}

Friday, March 24, 2017

Gone awry

I had the best laid plans for the past couple days. My cold, however, had other plans for me and derailed mine. While I got some things done, I was definitely slowed down.

Wednesday, I unearthed the last five boxes of books so I could finish that project, and that was it: I didn’t get anything more unpacked, though that wasn’t all because of the cold because I had a few other things I needed to do. Nevertheless, as the day went on, I started feeling worse and worse.

Yesterday, I unpacked those last five boxes, despite feeling terrible, and was able to do so mainly because I had them ready to unpack; I couldn’t have handled unearthing them, too. Then, I attempted to start organising the bookshelves, and in the process got the distinct feeling that at least one more box is probably still missing.

Still, I finally finished what I set out to do on Wednesday, and later this afternoon I plan to rearrange boxes in the garage according to priority so that I can deal with the rest in an orderly process. Even in my diseased state, turning chaos to order still matters.

I have a few other items on my agenda for today, disease willing, and maybe I’ll get through it all. Maybe not. At the moment, plans have to be rather flexible.

The photo above is a side shot of the stack of rather larger boxes I emptied of their books. There were twenty, all up, of which I temporarily reused two (one for excess packing material, another for things that go elsewhere).

Wednesday, March 22, 2017

It happens


I’ve been very busy over the past several weeks, packing and then unpacking boxes being the chief activity. So, it was probably inevitable that given the chance a cold would try to take me down. But I can fight harder.

I started feeling bad on Monday afternoon. At first, I thought it might be a reaction to the recent change in my medication, or the fact that I’d gone for blood tests that morning—after a more than 10 hour fast. That involved a 25-minute drive to a part of Auckland I haven’t been to in many years, and one I’ve never driven to. Turns out, it was none of that affecting me: Just an ordinary cold virus.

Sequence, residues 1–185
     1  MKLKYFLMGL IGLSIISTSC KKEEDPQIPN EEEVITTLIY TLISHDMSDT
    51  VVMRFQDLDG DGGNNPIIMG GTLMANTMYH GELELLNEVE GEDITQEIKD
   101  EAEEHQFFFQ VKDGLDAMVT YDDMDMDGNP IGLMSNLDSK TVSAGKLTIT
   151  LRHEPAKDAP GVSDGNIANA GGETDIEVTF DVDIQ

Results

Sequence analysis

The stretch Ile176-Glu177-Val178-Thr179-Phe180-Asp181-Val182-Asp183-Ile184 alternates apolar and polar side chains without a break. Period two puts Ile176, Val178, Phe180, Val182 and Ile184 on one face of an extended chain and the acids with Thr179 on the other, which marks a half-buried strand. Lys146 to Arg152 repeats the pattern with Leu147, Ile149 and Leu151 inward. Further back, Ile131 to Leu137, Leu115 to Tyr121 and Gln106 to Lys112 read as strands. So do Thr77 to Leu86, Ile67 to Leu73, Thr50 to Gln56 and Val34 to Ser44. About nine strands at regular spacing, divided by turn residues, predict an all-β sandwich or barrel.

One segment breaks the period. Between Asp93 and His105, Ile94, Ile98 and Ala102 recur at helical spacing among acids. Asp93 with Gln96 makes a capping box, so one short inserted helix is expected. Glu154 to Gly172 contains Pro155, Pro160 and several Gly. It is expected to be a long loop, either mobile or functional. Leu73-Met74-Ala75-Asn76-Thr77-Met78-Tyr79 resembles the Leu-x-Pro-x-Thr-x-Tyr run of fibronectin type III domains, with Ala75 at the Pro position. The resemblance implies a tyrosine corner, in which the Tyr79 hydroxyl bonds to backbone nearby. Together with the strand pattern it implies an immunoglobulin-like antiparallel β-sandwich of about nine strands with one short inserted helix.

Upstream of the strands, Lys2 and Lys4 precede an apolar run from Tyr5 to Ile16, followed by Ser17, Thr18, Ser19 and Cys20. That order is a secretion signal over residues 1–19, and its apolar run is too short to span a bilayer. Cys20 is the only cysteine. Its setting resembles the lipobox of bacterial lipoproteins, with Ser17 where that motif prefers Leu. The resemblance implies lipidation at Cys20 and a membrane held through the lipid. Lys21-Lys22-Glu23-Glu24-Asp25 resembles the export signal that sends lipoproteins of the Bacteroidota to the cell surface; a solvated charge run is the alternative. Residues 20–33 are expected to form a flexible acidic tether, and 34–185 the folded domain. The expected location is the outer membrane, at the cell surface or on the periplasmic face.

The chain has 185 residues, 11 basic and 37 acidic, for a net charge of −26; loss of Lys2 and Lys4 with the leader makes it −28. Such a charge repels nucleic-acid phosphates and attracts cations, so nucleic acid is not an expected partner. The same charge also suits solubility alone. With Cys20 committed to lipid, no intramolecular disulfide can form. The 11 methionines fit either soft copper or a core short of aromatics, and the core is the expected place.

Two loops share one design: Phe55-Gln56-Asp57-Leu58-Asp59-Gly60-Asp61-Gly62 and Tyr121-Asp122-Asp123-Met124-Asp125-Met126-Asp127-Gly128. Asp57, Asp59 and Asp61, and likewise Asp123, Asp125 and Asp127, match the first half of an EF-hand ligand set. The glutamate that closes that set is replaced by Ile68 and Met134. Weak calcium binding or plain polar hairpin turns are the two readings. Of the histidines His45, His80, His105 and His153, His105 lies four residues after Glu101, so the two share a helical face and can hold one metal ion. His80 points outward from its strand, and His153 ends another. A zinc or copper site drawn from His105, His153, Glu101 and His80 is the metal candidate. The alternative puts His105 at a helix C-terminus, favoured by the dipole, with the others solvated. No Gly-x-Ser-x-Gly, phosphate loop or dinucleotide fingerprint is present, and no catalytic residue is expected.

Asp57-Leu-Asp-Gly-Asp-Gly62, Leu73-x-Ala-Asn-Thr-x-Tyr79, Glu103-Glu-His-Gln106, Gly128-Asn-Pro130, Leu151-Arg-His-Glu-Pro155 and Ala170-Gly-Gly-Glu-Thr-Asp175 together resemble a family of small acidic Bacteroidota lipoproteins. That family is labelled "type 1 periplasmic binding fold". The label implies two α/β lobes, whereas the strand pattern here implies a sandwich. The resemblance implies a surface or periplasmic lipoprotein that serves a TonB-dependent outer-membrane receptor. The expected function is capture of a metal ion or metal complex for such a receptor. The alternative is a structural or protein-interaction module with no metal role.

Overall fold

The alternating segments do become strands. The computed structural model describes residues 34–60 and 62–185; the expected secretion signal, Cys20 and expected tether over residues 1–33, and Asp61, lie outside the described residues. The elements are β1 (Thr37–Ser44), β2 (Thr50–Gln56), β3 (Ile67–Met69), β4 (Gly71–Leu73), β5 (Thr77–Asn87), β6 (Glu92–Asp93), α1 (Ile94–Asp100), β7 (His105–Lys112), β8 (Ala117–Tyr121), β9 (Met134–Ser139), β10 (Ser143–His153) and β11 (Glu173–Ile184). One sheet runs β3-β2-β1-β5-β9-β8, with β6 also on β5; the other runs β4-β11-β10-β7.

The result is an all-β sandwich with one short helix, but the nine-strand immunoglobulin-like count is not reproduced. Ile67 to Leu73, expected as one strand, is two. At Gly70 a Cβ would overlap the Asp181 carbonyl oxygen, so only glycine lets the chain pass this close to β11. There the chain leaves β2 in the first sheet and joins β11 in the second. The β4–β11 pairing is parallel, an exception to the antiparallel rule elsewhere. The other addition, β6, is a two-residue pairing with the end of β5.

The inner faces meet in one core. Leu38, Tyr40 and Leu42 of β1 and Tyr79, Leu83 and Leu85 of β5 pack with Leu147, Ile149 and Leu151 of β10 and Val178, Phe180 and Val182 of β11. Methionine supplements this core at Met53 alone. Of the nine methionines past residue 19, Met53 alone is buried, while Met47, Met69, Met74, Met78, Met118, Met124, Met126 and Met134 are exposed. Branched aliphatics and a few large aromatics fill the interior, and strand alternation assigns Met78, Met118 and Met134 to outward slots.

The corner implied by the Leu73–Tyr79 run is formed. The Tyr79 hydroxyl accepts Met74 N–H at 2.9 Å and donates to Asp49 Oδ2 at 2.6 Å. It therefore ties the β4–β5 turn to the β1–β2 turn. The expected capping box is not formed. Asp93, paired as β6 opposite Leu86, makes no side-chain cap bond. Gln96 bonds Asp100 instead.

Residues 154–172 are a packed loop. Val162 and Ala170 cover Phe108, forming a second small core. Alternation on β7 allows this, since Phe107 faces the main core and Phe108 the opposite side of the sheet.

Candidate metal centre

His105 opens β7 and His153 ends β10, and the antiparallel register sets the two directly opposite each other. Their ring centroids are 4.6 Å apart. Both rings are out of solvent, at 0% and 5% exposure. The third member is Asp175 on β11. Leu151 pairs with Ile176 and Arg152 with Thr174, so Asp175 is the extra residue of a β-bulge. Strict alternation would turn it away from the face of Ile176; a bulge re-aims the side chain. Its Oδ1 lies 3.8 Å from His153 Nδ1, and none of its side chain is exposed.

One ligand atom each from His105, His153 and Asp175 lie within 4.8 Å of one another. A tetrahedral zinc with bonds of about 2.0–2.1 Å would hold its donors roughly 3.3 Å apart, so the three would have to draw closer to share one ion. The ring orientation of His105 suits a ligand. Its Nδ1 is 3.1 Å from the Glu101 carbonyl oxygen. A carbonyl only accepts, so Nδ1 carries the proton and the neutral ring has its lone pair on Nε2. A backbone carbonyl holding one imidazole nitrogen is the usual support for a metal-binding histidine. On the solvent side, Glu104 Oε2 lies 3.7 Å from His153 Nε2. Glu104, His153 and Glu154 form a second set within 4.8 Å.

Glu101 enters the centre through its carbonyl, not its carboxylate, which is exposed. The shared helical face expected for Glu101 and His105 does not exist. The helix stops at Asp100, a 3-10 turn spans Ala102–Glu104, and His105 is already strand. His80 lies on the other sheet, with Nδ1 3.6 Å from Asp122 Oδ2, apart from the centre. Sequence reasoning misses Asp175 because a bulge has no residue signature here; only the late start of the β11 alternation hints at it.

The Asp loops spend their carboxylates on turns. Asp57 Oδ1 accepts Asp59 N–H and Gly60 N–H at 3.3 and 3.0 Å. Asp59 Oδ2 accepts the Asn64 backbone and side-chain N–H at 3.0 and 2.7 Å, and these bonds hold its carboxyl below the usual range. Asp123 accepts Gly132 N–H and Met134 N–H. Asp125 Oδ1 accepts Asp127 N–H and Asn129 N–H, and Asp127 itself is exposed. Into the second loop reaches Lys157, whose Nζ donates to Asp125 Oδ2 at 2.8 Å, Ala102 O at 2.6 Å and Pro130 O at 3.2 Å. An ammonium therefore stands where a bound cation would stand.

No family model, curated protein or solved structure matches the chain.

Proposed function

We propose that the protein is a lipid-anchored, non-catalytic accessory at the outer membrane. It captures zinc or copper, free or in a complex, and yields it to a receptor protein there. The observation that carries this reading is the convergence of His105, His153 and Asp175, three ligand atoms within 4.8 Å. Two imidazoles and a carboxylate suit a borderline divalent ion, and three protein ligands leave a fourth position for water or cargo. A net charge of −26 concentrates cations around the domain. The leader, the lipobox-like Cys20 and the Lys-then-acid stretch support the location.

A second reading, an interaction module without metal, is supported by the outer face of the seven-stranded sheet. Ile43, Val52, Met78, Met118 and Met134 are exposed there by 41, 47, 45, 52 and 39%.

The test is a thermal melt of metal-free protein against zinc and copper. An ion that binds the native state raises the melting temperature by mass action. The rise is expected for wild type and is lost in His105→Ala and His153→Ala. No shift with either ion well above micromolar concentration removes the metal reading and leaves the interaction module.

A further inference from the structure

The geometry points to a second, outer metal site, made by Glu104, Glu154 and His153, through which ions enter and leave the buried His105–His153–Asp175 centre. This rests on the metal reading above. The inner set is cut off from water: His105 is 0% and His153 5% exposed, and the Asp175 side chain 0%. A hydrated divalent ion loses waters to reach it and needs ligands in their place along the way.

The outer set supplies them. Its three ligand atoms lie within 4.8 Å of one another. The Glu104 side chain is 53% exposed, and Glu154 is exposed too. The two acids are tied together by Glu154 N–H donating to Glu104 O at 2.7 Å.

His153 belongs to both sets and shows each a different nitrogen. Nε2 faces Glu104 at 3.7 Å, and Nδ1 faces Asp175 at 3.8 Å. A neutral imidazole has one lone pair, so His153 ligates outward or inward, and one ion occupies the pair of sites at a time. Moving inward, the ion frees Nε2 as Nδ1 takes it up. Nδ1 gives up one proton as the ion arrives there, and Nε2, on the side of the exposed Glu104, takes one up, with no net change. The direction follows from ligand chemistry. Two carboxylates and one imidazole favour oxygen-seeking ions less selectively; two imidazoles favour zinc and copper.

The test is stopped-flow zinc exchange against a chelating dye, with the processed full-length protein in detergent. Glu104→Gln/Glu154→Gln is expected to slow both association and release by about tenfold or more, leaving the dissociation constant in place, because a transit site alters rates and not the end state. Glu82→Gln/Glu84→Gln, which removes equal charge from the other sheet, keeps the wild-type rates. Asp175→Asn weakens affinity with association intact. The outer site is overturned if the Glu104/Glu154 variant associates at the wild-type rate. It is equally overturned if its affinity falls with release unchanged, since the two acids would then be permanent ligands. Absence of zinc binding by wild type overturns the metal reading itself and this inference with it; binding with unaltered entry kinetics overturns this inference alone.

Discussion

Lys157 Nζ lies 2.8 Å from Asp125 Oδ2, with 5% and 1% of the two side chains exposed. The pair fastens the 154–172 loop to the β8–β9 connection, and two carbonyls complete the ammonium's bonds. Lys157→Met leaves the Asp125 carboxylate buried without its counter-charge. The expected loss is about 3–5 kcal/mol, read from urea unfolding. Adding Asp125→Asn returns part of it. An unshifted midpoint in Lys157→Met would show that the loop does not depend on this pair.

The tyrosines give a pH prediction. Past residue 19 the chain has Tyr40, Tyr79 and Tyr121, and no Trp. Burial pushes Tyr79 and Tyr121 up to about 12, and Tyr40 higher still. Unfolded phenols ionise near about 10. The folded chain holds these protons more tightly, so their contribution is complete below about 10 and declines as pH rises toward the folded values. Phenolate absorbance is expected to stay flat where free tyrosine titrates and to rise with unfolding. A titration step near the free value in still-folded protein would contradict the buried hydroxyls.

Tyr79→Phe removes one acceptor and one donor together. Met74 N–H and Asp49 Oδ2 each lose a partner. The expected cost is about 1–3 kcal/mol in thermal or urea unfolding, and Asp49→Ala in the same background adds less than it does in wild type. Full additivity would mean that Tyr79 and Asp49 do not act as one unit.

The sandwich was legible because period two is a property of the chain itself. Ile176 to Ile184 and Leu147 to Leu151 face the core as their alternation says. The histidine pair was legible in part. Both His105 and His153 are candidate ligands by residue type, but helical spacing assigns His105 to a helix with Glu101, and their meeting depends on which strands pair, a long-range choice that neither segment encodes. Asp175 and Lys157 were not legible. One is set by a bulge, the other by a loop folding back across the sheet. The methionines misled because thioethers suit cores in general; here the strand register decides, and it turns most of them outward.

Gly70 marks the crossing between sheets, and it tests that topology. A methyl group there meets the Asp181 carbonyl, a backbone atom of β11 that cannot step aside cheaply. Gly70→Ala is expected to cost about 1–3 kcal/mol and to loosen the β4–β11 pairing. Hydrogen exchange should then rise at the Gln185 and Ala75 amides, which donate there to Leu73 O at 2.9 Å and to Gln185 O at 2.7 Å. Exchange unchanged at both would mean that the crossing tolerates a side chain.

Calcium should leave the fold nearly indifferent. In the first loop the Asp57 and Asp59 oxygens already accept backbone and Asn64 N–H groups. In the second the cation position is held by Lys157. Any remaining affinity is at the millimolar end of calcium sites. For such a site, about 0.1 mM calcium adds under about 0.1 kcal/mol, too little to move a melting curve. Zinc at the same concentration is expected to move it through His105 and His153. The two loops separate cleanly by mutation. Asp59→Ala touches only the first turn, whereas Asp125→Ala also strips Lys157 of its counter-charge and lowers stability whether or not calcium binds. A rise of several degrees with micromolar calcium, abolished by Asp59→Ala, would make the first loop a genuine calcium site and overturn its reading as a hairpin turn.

Yesterday morning, I decided to lie down for a while, and I took the photo above. Bella was a good nurse, and almost convinced me to stay there (as did Jake and Sunny sleeping nearby). But at that point, I still felt not totally awful, so I got up and did stuff. As the day went on, I realised that I didn’t feel well enough to even contemplate driving an hour for two meetings, particularly when the drive back would have been late in the evening, and I fully expected to feel ever worse than I did earlier in the day. So, I stayed home, which was a good decision: I did feel worse as the day wore on.

Nevertheless, over the past couple days I’ve emptied some 15 boxes of their books, and managed a few other things around the house. Frequent rests were also part of the agenda.

This morning, I slept in and felt reasonably okay when I woke up, but felt worse again once I was fully awake. Still, I got a few small things accomplished this morning and hope to do some more this afternoon. There are still many things to be done, after all.

Still, I’ll be taking it easier today than yesterday or Monday because of that cold. It’s a little frustrating to be slowed down by a silly virus, but it happens.

Tuesday, March 21, 2017

City of Sails – and farms

One of the things about Auckland that many people don’t know, or know well enough, is that most of Auckland is actually rural or semi-rural. Auckland is New Zealand’s largest city, home to a quarter of the nation’s population, the centre of business and commerce, and yet much of its area is actually basically rural.

The Auckland Plan puts this well:
Most of Auckland is rural. Our large rural areas host diverse economies and activities, and include stunning landscapes and coastal areas: the West Coast; Hunua and Waitākere ranges; the Kaipara, Manukau, Mahurangi and Whangateau harbours; Gulf Islands; and numerous regional parks. Here rural people make their living and urban Aucklanders can connect with nature. There is enormous variety in terrain, land uses and settlement patterns across 384,000 hectares of land, which comprise over 70% of Auckland’s landmass, and are contained by over 3,700 km of coastline. These areas are integral to Auckland’s unique character, and vital to its economy and its people.